Gosh, though, it was sure amazing that Secretary Clinton even showed up and did not collapse on the floor in an epileptic fit of coughing or head-shaking spasms. She cheated with an invisible microphone in her ear, while the microphone of her opponent, as he said afterward, was rigged by the liberal mainstream media not to work. That's why she won. She also, undoubtedly, had cue cards being held up by the invisible Globalist Government hologrammatic teleprompter. She, herself, may have been a hologram.

By the way, Sir Donald, it is incorrect to say that you were probably "unsatisfied" with an architect's work and so refused to pay him after moving into the building which he designed. The word is "dissatisfied"—or in this case, "stiffed". The architect was unsatisfied, being the stiffee. Maybe they did not teach English at Fordham and Wharton, or maybe you were too busy at the time trying to plan how to spend your father's "small" million-dollar graduation gift.

On the editorial page, "Weak Spot in Defense Program" tells of two vacancies in the nation's defense apparatus, one on the Munitions Board and the other on the National Security Resources Board, the latter because of rejection by the Senate, for lack of experience in the area, of the President's nominee, Mon Walgren, whose nomination was withdrawn. The President had also declined to allow standby economic mobilization legislation to be presented to the Congress, a situation which would lead to chaos in the event of a national emergency.

Bernard Baruch had been the severest critic of the Administration in this regard and he had lost favor with the White House because of his outspoken bluntness regarding the absence of a mobilization plan. The piece regards his warning as quite timely, especially in the wake of the Russian detonation of an atomic bomb.

"Queen City of the Air" tells of Charlotte having come of age in air travel, as further explored by Dick Young in a piece on the page. The city was served by four airlines and 50 daily flights.

"Program for Progress" tells of an agricultural plan in use in Cleveland County whereby a farm improvement contest was held, with a contestant from each township and a central council set up to help the contestants. At the end of a year, the winner was announced as "farmer of the year" and a cash prize awarded to that farmer. It urges the other counties of the state to adopt a similar program.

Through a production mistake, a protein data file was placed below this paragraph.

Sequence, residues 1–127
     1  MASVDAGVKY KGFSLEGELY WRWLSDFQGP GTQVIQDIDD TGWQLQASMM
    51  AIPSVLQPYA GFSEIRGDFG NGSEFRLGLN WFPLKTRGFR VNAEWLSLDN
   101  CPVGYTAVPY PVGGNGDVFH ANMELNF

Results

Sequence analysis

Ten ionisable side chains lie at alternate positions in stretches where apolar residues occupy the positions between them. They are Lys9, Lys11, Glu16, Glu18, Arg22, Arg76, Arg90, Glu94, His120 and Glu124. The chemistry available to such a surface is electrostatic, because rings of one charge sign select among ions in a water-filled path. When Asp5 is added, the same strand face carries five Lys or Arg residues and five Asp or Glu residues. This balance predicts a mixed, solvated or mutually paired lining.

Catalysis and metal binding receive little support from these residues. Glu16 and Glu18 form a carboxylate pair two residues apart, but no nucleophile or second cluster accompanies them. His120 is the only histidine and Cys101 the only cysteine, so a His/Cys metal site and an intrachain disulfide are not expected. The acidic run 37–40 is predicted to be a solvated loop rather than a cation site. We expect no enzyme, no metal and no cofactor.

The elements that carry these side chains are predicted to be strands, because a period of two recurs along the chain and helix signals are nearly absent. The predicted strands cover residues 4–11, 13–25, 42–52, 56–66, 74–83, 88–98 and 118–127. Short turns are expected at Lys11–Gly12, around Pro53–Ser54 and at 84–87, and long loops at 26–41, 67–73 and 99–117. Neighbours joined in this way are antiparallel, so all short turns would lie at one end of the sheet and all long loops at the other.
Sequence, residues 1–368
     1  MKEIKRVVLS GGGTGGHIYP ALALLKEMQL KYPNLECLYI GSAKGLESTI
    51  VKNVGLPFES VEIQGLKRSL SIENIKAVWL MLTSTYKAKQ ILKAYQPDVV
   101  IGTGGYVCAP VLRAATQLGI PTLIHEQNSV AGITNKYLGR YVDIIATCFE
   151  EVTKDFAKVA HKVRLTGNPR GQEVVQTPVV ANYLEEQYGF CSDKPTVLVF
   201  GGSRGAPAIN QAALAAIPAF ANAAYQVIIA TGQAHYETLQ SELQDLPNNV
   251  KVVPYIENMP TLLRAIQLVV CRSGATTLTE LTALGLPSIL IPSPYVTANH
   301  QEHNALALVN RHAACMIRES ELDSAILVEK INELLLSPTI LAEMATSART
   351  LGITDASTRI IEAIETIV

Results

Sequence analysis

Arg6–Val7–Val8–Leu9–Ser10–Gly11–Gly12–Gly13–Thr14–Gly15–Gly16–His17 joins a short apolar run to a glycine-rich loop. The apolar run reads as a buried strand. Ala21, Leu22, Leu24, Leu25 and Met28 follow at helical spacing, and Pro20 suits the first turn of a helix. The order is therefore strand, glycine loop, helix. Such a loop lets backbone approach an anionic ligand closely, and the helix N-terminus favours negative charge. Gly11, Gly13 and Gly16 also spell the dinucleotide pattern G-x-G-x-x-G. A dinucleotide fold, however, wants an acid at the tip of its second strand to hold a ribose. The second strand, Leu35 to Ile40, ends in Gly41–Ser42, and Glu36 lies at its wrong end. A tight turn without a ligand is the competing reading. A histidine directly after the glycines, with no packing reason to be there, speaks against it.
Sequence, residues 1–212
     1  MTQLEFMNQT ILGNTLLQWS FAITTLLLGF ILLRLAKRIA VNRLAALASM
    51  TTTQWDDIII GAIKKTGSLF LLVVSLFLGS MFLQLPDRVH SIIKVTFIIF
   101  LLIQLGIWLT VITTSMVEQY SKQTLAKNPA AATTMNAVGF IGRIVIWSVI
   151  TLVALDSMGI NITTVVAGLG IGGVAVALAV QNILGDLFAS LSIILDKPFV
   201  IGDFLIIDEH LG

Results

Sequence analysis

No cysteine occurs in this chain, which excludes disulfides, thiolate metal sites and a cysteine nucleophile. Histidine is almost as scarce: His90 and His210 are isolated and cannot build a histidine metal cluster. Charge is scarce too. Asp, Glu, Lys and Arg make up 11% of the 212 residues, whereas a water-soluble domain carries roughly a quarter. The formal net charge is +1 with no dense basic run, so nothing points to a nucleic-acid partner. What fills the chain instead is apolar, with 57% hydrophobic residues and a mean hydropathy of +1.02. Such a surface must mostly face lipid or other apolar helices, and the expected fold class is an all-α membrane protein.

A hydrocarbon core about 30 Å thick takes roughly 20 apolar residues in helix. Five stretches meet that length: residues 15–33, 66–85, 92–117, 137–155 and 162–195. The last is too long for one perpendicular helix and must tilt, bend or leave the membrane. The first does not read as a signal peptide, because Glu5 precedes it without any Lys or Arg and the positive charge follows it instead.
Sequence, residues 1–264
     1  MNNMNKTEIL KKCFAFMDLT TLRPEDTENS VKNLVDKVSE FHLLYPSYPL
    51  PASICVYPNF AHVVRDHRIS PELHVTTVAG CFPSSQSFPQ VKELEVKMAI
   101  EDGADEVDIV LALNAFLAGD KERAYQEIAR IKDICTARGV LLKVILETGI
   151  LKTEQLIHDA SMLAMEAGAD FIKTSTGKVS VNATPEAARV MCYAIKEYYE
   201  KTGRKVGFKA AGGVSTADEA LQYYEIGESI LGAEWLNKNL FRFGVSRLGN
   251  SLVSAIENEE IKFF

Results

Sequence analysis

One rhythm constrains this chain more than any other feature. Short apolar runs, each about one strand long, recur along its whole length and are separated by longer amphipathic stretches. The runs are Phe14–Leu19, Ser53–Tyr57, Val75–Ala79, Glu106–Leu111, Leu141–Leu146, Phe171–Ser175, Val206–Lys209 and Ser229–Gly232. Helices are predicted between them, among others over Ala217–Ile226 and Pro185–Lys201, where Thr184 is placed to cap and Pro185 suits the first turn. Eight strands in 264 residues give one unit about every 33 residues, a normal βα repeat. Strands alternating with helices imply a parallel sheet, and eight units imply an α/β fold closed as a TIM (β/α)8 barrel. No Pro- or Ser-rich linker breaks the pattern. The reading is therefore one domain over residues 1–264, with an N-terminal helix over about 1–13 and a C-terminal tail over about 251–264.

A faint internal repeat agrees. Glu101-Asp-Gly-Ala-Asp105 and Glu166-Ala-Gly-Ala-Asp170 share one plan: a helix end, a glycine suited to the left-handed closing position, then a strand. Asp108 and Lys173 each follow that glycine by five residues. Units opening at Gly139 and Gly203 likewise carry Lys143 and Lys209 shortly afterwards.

Dick Young of The News tells of the age of air transportation having come to Charlotte, with greater air service than any other city of comparable size in the nation. He recaps the history of development of air transportation in the city.

A piece from the Atlanta Constitution, titled "Now That the Soviets Have It—", reminds that in 1945 after the detonation of the first atomic bombs, the scientists had said that there was no atomic secret, that any physicist could find it, that the only secret was the technique of manufacturing the bomb itself, and, consequently, that it would be two to three years before Russia or another power could produce such a device. Four years had passed since August, 1945.

It finds that though it was dismaying to learn of the Russian detonation, it should not have been a surprise. The primary reliance now was on the American lead in production. There was no need for panic as the Russians would still require several years to catch up.

Drew Pearson goes back to his Christmas season column of 1945 and reproduces it in the wake of the news of Russia's successful test of the atom bomb, which had occurred August 29.

It's too early for Christmas. It was about 200 degrees here today.

Joseph & Stewart Alsop address the steel dispute regarding the ten-cent benefits recommended by the President's fact-finding board. United Steelworkers president Philip Murray had quickly accepted the recommendation because the union's resources were too depleted to keep a strike going more than a month, and with a coal strike already transpiring, a steel strike would carry little weight with the companies as they could not produce steel without coal. Thus, Mr. Murray's bargaining strength was low. But he was determined to hold out for the ten cents to the pensions and social insurance fund, as the rank-and-file were insistent on it.

If a strike became necessary, then the best way out for the union would be for the President to seek an injunction under Taft-Hartley to stop the strike. But that would compromise the President's position in campaigning for repeal of Taft-Hartley, which he intended to push again in the 1950 session of Congress. His strategy for the Congressional campaigns was three-fold, to garner the support of labor, the farmers, and racial minorities by campaigning for repeal of Taft-Hartley, civil rights, and his farm program.

If a strike were to be averted, it would be a tribute to all concerned, as no temporary gain would justify the major impact on the nation's economy from a steel strike.

Jack Adams tells of hearings beginning regarding FCC proposed changes of regulations of television, which would provide for 42 more channels on an ultra-high frequency dial, revised engineering standards regarding how far apart the broadcasting towers should be, and color television. A converter would be needed for the UHF band, to cost between $15 and $18, and a $75 adapter could be used to receive color, which was still probably several years away.

We can go down to the hobby store and buy some of those colored plastic sheets for about $5 and achieve a nice rainbow effect. That's good enough for government work.

They will get color when that tv show "Bonanza" comes along.

A pome from the Atlanta Journal, this one "in which advice is given those who sometimes speak in public:

"When you talk at a luncheon
Make your hearers quit muncheon."

And after, don't go to sleep as a curmudgeon,
Lest you get hit by the copper's truncheon.